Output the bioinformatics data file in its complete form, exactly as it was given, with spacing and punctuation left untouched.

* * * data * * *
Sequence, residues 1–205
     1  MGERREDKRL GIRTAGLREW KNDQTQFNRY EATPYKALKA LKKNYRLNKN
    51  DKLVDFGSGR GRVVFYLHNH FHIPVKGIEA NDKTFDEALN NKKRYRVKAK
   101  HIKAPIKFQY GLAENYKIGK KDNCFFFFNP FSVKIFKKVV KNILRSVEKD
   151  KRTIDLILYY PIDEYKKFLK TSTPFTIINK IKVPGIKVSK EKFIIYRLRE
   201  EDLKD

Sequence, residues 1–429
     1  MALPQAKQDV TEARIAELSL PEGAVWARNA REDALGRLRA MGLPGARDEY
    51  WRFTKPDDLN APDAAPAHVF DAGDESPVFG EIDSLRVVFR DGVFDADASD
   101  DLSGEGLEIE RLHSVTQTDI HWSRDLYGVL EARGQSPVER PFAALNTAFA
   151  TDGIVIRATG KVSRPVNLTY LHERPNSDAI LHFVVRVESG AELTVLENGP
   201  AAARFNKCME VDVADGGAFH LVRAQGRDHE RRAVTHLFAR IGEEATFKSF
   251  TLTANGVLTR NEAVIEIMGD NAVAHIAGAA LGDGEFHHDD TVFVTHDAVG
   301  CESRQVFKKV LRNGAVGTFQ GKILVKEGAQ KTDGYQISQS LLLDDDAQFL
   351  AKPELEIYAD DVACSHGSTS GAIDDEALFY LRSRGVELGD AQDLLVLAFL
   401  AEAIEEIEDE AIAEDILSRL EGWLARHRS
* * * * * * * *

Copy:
Sequence, residues 1–205
     1  MGERREDKRL GIRTAGLREW KNDQTQFNRY EATPYKALKA LKKNYRLNKN
    51  DKLVDFGSGR GRVVFYLHNH FHIPVKGIEA NDKTFDEALN NKKRYRVKAK
   101  HIKAPIKFQY GLAENYKIGK KDNCFFFFNP FSVKIFKKVV KNILRSVEKD
   151  KRTIDLILYY PIDEYKKFLK TSTPFTIINK IKVPGIKVSK EKFIIYRLRE
   201  EDLKD

Sequence, residues 1–429
     1  MALPQAKQDV TEARIAELSL PEGAVWARNA REDALGRLRA MGLPGARDEY
    51  WRFTKPDDLN APDAAPAHVF DAGDESPVFG EIDSLRVVFR DGVFDADASD
   101  DLSGEGLEIE RLHSVTQTDI HWSRDLYGVL EARGQSPVER PFAALNTAFA
   151  TDGIVIRATG KVSRPVNLTY LHERPNSDAI LHFVVRVESG AELTVLENGP
   201  AAARFNKCME VDVADGGAFH LVRAQGRDHE RRAVTHLFAR IGEEATFKSF
   251  TLTANGVLTR NEAVIEIMGD NAVAHIAGAA LGDGEFHHDD TVFVTHDAVG
   301  CESRQVFKKV LRNGAVGTFQ GKILVKEGAQ KTDGYQISQS LLLDDDAQFL
   351  AKPELEIYAD DVACSHGSTS GAIDDEALFY LRSRGVELGD AQDLLVLAFL
   401  AEAIEEIEDE AIAEDILSRL EGWLARHRS